Scotland’s First Minister has said his parents in-law are “trapped” in Gaza after visiting family, leaving him worried if they will “make it through the night”.
The parents of Humza Yousaf’s wife, Nadia El-Nakla, were in Gaza visiting family when Hamas launched a surprise attack on Israel this weekend, killing hundreds, according to reports.
Speaking to journalists on Monday, a visibly emotional Mr Yousaf said: “As many will know, my wife is Palestinian, her mum and dad, my in-laws, who live in Dundee, live in Scotland, they’ve been in Gaza and are currently trapped in Gaza, I’m afraid.”
The couple went to visit the 93-year-old mother of Mr Yousaf’s father-in-law when the Hamas attack took place.
“Despite the best efforts of the British Foreign Office, nobody, nobody can guarantee them safe passage anywhere,” Mr Yousaf said.
“So I’m in a situation where, frankly, night by night, day by day, we don’t know whether or not my mother-in-law and father-in-law – who have nothing to do, as most Gazans don’t, with Hamas or with any terror attack – whether they will make it through the night or not.”
Mr Yousaf also issued an “unequivocal condemnation” of the Hamas attack.
“When our messages do get through, we’re waiting for a reply.”
He added: “I’m worried about my family – there will be many people, including in Scotland’s Jewish community for example, who will be really worried about their family in Israel that have come to harm.
“My thoughts go out to everybody, because innocent civilians have nothing to do with the conflict, they have nothing to do with Hamas terror, have nothing to do with the loss of life and they’re the ones often – innocent people – who are paying the price.”
Mr Yousaf’s brother in-law is a doctor and lives in Gaza with his wife and four young children, the youngest being two months old.
He said he does not know how many Scots have been caught up in the fighting in Israel and Gaza.
The First Minister praised communications with the Foreign Office as “good”, but said it was not yet clear who was in the region and how they have been impacted.
He said: “I’m afraid not yet. I’ve asked both for the situations in terms of any Scottish Israelis that might be affected and impacted and any Scots in Gaza that might be impacted.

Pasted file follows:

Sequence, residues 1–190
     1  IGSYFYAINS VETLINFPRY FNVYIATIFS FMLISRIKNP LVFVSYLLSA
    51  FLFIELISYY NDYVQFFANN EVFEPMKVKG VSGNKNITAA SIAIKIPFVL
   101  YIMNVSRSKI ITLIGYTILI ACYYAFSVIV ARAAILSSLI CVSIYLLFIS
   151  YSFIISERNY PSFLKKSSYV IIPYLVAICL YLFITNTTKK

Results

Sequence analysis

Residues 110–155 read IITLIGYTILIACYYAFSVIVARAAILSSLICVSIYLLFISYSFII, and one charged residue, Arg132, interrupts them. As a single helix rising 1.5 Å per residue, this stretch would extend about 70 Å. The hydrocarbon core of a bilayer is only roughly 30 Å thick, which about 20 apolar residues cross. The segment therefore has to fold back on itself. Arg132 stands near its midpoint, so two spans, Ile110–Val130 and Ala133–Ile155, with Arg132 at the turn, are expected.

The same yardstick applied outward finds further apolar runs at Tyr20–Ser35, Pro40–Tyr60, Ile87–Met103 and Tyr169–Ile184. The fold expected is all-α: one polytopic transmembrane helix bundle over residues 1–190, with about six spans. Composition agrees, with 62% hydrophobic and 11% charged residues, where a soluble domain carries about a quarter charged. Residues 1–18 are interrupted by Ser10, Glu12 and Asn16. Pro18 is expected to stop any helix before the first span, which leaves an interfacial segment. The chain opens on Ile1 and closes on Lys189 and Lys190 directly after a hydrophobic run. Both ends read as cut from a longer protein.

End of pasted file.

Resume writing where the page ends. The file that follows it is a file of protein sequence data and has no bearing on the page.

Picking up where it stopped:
“I’ve not got numbers yet but liaison with the Foreign Office, I should say, is good, they’ve been helpful in providing information but once I have that I’m sure we’ll be able to furnish you with the details.”
In a letter to Mr Yousaf on Monday, Tory MSP Jackson Carlaw – whose Eastwood constituency boasts the biggest Jewish community in Scotland – asked that the agreement be scrapped if he agreed with comments from a Green MSP.
On Sunday, Maggie Chapman posted on X, formerly Twitter, saying the Hamas attack was a “consequence of apartheid”.
In his letter, Mr Carlaw said: “I would like to ask you if you agree with the comments made by Maggie Chapman and if they reflect the current position of the SNP-Green Government.
“If not, and given the brutality of Hamas’ actions, will you dismiss Green ministers from the Scottish Government and terminate the Bute House Agreement because appearing to excuse the actions of Hamas should be unacceptable for any party in Scotland, especially given their recent terrorist attacks.”
Responding to the calls, Mr Yousaf said: “I have seen the tweet, and Maggie Chapman is responsible for what Maggie Chapman says.
“To somehow equate what is happening in the geo-political situation between Israel and Palestine, to reduce it to an issue about whether the Bute House Agreement can go on or shouldn’t go on, I think is terribly crass.”
He went on to describe the attacks as “unjustifiable”, expressing his Government’s support for a two-state solution.
“Innocent civilians being killed will not help us towards peace and an innocent Israeli life is worth, of course, the same as an innocent Palestinian life.
“An innocent child getting killed, it doesn’t matter whether they’re Palestinian or Israeli.”